“I can’t believe it. How? I’m…I don’t have words to describe what I feel!” she told them all, brushing tears from her eyes with the back of her hand like a little child.
“We are near Alqualondë, sweetheart, the city is just behind the dunes. But I think there is someone else here who can explain what is going on to you better, Gwingloth,” Belegorn told his daughter, who was beaming up at him, afraid to blink and find him gone, and stroked her hair.
Aurelin half-turned to Gilgaer whom she had not entirely forgotten in her joy at seeing her parents. He had been smiling a little way from the four and now as Aurelin looked at him and held out her hand, he approached the four.
“Mother, father, Ithilinden, this is Gilgaer Lindil. But I don’t know – it seems you all know each other already?”
Aurelin twined her arm around Gilgaer’s after he had formally bowed to Belegorn, Calenloth and Aurelin’s brother and looked up at him with eyes wide with puzzlement.
“Yes, we do know him, darling. Not four days ago he came sailing out of the east in a little boat, landed at the quays of Swanhaven and appeared on our doorstep speaking of a wedding,” Calenloth told Aurelin with a wink.
Gilgaer was amused by the exchange, and the similarity of the shade and the fire of life in the green eyes of both the ladies present. “Aurelin, I know I have acted behind your back in all this but it seemed to me that a surprise was the best way to handle it. Ithilinden agreed.” Aurelin was surprised to see the conspiratorial smile between her betrothed and her brother. Well, it looked as if no trouble would arise there. Wedding – what was he talking of?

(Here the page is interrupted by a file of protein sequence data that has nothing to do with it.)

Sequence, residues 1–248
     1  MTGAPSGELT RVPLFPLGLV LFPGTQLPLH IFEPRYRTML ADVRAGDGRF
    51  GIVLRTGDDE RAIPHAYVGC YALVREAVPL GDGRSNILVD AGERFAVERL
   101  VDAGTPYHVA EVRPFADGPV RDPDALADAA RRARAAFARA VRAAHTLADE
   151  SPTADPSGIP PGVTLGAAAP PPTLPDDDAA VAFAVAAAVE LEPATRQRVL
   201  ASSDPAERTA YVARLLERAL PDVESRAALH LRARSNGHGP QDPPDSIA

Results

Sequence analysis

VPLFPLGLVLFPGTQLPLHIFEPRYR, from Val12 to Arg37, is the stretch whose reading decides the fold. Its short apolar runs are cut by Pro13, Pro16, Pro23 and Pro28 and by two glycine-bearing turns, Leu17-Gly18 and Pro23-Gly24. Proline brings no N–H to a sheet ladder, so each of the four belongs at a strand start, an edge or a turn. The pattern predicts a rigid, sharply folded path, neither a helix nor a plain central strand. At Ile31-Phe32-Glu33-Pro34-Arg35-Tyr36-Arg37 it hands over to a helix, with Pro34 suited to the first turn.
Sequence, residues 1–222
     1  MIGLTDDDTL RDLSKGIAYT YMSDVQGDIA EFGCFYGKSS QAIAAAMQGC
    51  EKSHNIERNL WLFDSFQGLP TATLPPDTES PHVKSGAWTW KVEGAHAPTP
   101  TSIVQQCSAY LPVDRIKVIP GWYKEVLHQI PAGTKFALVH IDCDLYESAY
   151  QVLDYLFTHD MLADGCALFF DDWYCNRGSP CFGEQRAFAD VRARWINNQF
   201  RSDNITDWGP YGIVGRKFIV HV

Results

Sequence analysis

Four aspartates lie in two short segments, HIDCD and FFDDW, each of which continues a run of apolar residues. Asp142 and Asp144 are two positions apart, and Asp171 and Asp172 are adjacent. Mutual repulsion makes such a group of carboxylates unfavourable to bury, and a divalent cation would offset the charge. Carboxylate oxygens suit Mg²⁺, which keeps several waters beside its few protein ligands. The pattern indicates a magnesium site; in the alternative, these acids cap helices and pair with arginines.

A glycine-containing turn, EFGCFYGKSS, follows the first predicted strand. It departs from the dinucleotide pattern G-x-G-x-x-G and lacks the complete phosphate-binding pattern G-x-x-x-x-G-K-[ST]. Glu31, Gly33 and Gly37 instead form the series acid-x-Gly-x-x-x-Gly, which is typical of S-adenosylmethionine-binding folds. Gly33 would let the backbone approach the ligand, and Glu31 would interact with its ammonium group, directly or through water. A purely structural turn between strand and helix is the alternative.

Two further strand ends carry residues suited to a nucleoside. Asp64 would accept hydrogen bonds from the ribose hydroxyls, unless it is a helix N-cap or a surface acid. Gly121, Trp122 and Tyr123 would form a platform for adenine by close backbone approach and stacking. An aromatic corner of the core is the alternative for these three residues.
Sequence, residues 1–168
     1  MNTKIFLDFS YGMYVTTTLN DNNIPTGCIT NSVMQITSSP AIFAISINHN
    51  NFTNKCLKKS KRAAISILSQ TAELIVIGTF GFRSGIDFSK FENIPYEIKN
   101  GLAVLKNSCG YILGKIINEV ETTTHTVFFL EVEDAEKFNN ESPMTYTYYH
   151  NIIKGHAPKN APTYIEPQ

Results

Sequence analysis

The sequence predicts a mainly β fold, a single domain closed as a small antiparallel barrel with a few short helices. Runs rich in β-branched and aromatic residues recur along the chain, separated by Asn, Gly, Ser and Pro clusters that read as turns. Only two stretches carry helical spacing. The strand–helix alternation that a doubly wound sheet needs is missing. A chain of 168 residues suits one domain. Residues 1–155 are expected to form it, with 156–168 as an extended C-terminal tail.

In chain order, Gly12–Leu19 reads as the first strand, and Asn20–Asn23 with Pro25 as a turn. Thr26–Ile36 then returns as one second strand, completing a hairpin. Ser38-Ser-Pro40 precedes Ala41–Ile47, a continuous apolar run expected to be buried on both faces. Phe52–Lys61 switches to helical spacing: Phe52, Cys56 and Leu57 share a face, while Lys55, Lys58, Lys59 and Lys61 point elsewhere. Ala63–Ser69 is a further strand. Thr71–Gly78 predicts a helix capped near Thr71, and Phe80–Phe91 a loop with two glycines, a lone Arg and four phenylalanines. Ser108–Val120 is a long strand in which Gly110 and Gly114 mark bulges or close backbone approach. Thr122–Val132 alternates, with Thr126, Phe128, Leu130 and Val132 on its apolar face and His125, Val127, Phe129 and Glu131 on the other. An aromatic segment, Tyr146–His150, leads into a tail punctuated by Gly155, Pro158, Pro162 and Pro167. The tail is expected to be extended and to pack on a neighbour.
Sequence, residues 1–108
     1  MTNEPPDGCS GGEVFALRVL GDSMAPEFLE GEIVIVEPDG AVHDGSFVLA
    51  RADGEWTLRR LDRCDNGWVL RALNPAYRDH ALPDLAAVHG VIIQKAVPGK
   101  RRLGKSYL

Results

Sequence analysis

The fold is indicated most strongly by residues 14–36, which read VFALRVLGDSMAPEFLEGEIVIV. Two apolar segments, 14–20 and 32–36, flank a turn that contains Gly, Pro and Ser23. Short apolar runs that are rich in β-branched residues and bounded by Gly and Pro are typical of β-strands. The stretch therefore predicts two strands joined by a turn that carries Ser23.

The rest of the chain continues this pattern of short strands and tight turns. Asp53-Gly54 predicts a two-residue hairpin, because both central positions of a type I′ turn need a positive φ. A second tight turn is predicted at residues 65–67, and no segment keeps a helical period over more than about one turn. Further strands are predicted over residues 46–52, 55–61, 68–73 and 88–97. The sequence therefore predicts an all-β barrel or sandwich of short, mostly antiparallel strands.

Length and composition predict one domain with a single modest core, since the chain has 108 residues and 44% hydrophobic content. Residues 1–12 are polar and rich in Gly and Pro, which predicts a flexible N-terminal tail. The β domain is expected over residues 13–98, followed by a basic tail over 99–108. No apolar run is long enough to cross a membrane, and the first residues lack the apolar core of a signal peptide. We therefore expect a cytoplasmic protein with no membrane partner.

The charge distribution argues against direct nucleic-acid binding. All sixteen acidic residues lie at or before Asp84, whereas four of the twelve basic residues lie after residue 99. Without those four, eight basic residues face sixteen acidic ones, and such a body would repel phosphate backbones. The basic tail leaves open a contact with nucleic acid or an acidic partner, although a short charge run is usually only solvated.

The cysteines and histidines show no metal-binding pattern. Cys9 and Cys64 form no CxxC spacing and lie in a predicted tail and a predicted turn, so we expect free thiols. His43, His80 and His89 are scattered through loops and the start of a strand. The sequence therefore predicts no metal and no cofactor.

“Gwingloth, these past few days preparations have been made for our wedding feast that will take place tomorrow if you can forgive me for catching you off-guard.”
He had turned her towards him and three pairs of eyes were looking at him and her with the most amused expressions while Aurelin’s eyes had widened so she looked like a deer facing a charge of Wargs, whites showing all around the emerald of the pupils. Oh Valar, the next day!? Her knees would surely give way for the third time this day. “Tomorrow!?” she said incredulously and waited for everyone to proclaim it a joke and laugh at her gullibility. But they did not and even her knees did not in fact give way as she wordlessly nodded her “yes” to the proceedings after realising that it was not a big laugh at her.
Gilgaer’s smile was highly contagious and she found she was grinning like silly as he turned back to her family and drew himself up to speak in a more tempered tone.